Before you ask, no, this isn’t an ironic pick. I’m not trying to blow smoke at any establishment by picking the year’s most notorious box office bomb, and neither am I trying to rehabilitate this cinematic monstrosity as some kind of misunderstood masterpiece. Tom Hooper’s Cats is one of the most jaw-slackeningly miscalculated, aesthetically horrifying films to ever claw its way out of Hollywood’s gaping maw. It’s the rare film where not a single thing worked—each successive creative decision almost willfully sought to outdo the last in terms of insane lunacy.
And yet not one single film in 2020 made me happier or more thankful to be alive.
Cats was one of the last films I saw in a theater in 2020 before the COVID-19 pandemic shuttered them all, and the memory of that evening has kept me warm all year like the proverbial single match did for the Little Match Girl caught in the snowstorm. The audience I saw it with was perfectly calibrated: about two-thirds were teenagers and college kids who knew what they were in for and the other third were unsuspecting seniors who didn’t. From the first shot—literally, the first shot of the moon dissolving into a rictus Cheshire Cat grin—they were off to the races, howling in incredulous disbelief as each CGI body-suited cat chimera slunk, crawled, skittered, and twirled onscreen.
We laughed ourselves silly that night, tears running down our cheeks and snot dripping down our noses. Raucous screams tore their way through the theater as our feeble minds tried to process the image of Idris Elba’s butt-ass naked Macavity flaunting his genital-less loins at the screen, of Rebel Wilson’s Jennyanydots commanding a regiment of smiling cockroach homunculi in a Busby Berkeley number, of Steven McRae’s Skimbleshanks ****ing EXPLODING mid-pirouette in a cloud of smoke, of Dame Judy Dench starring into our souls as she looked directly into the camera so she could remind us that “a cat is NOT a dog!”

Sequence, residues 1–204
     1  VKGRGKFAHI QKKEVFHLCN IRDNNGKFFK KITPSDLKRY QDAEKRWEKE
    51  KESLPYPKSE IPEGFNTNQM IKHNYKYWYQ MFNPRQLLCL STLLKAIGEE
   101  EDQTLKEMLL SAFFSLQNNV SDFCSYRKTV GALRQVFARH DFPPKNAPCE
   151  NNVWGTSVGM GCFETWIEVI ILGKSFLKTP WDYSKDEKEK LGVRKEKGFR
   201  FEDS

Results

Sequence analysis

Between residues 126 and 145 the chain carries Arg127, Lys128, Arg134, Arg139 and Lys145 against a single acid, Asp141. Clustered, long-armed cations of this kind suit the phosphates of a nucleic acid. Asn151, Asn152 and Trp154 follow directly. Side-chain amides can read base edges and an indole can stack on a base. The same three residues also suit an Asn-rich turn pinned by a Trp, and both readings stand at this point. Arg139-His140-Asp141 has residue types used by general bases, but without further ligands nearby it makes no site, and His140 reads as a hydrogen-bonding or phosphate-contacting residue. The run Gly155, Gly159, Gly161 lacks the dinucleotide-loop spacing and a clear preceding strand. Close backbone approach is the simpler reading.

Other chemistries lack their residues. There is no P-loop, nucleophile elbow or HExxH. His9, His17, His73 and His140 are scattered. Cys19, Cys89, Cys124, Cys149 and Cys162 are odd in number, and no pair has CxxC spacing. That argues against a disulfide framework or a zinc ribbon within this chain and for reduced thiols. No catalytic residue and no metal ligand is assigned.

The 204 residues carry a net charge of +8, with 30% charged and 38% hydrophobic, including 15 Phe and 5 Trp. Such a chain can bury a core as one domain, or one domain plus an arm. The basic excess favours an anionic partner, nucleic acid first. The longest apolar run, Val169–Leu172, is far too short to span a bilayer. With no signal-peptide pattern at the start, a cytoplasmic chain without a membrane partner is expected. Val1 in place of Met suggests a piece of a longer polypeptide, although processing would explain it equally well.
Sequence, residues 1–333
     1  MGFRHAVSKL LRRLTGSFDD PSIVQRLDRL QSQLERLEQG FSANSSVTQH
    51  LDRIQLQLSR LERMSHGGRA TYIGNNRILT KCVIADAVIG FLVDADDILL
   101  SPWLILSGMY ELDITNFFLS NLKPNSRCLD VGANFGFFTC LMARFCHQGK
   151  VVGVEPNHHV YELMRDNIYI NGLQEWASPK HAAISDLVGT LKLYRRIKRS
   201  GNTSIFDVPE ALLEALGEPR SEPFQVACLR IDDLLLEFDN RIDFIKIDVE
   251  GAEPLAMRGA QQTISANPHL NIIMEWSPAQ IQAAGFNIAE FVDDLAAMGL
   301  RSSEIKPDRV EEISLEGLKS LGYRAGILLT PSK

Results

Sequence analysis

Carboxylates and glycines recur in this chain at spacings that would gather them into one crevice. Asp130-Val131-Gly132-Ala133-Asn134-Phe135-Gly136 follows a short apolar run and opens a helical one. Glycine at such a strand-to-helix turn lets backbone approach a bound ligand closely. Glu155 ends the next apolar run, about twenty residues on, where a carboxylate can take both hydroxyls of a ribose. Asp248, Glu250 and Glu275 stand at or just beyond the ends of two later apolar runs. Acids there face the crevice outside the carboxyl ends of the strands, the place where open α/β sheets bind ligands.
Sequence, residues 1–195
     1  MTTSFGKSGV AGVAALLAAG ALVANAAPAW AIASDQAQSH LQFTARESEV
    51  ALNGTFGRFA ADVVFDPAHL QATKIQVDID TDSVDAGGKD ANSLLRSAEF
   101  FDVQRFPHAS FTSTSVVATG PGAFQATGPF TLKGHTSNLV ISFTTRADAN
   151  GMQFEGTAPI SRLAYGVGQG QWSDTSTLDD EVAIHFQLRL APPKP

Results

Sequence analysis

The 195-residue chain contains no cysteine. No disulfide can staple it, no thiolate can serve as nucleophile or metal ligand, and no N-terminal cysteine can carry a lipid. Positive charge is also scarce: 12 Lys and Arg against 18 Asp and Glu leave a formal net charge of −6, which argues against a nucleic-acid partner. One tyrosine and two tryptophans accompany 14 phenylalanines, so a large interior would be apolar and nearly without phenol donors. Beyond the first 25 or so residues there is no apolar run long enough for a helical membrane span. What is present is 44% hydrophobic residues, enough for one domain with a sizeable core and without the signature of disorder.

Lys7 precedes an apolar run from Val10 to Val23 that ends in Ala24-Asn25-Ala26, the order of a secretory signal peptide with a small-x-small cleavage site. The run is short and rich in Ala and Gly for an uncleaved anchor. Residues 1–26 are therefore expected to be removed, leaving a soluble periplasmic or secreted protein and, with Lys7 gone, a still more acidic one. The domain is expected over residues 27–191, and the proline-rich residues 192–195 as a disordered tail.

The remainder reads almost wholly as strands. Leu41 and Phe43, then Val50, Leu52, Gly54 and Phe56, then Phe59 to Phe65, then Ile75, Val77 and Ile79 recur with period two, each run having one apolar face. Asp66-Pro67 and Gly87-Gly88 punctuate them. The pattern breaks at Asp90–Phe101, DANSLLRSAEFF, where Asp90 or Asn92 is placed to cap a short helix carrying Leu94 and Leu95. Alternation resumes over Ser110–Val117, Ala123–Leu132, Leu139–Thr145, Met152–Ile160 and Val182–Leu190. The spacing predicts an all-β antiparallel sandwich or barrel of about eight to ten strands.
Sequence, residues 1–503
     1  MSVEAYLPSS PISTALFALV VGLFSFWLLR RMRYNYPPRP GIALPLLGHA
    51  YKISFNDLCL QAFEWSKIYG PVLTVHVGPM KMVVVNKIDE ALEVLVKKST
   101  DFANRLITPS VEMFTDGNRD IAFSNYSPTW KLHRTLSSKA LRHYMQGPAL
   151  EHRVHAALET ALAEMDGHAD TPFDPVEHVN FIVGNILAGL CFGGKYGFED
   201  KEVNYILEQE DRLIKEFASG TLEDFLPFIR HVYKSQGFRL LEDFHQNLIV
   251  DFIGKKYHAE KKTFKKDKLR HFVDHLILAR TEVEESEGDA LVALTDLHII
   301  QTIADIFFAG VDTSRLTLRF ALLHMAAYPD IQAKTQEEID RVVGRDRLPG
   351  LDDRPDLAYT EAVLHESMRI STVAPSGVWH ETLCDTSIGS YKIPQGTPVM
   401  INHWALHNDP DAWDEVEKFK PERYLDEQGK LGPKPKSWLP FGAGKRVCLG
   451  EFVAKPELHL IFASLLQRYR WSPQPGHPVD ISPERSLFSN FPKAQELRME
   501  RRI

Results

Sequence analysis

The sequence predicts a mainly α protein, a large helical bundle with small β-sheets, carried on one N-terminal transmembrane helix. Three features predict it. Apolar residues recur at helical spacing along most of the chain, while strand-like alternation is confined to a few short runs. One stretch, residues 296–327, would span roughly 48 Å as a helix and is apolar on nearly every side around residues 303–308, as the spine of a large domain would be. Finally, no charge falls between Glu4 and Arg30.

If one of the functions of religious ritual is to give communities the means for public expression of trauma and other socially unacceptable emotions, then my experience watching Cats that night was nothing short of sacred. Nobody left that theater the same person they were when they went in—we had all laughed and hollered, screamed and shouted parts of ourselves into oblivion. We had been blessed. We had been damned. We had been initiated. And in the months of quarantine to come, it proved a useful one, keeping the promise of the cinematic experience alive in my heart as so many theaters went dark. I don’t know when I’ll be able to go back to the movies. But when the time comes, I’ll be ready. I’ll tell ‘em the Magical Mr. Mistoffelees sent me.